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Bicycle engineer jobs...
Hi! Second post. I'm about to finish my second year of a Mechanical Engineering diploma in Vancouver, and I might continue 2 more years for the degree.

My questions are for the engineers who work for bike companies, the bike mechanics out there, and anyone with an opinion to give. Once I finish my diploma, if I'm looking for a job with a bike company (as an engineer), would taking a bike mechanic course like the one at BBI (Barnett Bicycle Institute) in Colorado, help me land a job?

Does anyone know if the bike companies are looking for engineers with diplomas, or are the only jobs available to engineers with degrees or higher?

Are there any courses in Canada that are as comprehensive as the ones offered at BBI? I've searched a little, and haven't even found a place that formally teaches how to service forks.
If you are truly interested in pursing that kind of career I would suggest you talk to people like Calvin Jones from Park Tool, an Engineer from a bicycle manufacturing company, Engineer from a parts supplier/manufacturer like Shimano, and other Big companies to get some good opinions. Also look for a job at a local bike shop to get a little manual experience even if it is part time. Alex Ramon, that owns this site could probably have quite a few good pointers for ya too. Start with basic repair books from the library covering anything from fixing a flat tire to wheel building to frame building. There is many resources on the internet too. Going to BBI would help immensely, but I am not sure of it landing you a job. Many places do not like to get into the mix of servicing front and rear suspension systems (guessing that is what you mean) due to the dangers. Now if you mean using one of these http://www.parktool.com/products/detail.asp?cat=49&item=FFS-2 , then BBI would cover something like that. Also Park tools has a school, taught by certain local bike shops, for repair maintenance. Back to the fork maintenance, with everything going to Carbon Fiber and other cheap brittle material the days of frame and fork straightening are pretty much over for newer models because the outlook is to throw it away and just buy a new one.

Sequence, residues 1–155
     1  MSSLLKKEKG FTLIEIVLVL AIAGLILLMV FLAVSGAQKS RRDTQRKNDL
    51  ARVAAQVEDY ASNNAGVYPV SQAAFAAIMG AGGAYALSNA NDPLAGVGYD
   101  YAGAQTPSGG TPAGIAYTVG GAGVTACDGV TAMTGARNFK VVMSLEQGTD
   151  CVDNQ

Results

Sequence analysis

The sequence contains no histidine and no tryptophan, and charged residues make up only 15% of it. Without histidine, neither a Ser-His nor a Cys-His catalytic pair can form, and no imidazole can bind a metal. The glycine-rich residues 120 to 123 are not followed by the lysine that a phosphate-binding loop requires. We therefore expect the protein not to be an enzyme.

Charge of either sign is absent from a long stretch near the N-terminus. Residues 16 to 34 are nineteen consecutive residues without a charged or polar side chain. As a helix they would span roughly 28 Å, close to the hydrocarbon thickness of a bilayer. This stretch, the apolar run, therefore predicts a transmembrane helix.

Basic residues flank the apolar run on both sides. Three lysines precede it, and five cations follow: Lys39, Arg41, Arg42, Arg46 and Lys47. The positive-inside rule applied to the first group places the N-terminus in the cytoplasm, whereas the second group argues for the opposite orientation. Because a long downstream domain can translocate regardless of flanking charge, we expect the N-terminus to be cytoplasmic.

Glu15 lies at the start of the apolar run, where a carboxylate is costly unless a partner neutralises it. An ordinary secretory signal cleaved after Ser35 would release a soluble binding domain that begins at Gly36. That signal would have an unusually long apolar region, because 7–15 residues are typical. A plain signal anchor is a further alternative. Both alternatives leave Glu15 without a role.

Sorry if this really doesn't help you much, but it is the best I know.

Good luck and Cheers,
Good maintenance to your Bike, can make it like the wheels are, true and smooth!
Hey thanks for your suggestions. I should've mentioned that my passion is for mountain bikes, hence the interest in servicing suspension. I'm quite sure that BBI does that (their website says they do).

Your comment about building bike frames really intrigued me. I've already worked a couple of years at a bike shop maintaining, tuning, and fixing a fleet of rentals (it's just the harder stuff I want to learn now, like suspension). So are there any frame building books you recommend? Wouldn't the setup to weld aluminum frames and machine the smaller pieces be really expensive and hard to learn?

Thanks for the help Bill, I'm already writing at least one email to Trek to ask a couple of questions.
There are a couple frame building and mechanics schools here in the UK that I know of:



I've recently read a couple articles that suggest that the popularity of custom and hand built steel frames is on the rise at the moment.
Books on frame building, hmmm. Looked at the sites xerxes showed and found them interesting Big Grin . As far as other books always try searching Amazon.com (for reference) and well google. Here ya go a multitude to choose from http://www.amazon.com/s/ref=nb_sb_ss_c_1_14?url=search-alias%3Dstripbooks&field-keywords=frame+building&x=0&y=0&sprefix=frame+building&ih=13_1_0_0_1_1_0_0_0_1.94_220&fsc=10 . I personally have not got this far yet, but plan to. I am still working on wheel building which a few of the longer joined members got me into. So I really am glad that helped guide ya in the right direction.

Good maintenance to your Bike, can make it like the wheels are, true and smooth!
I am a mechanical engineer in a electronic company. I do not want to work for an electronic company but that is all I have here in the Bay Area. If you want to work for a bicycle design company I'd think the 4 year degree would give you most of the knowledge. However, getting into aerodynamic, vibration, dynamic, FEM may require a MS degree. Of course, getting to know how to do bike repair, being a cyclist would also help tremendously.

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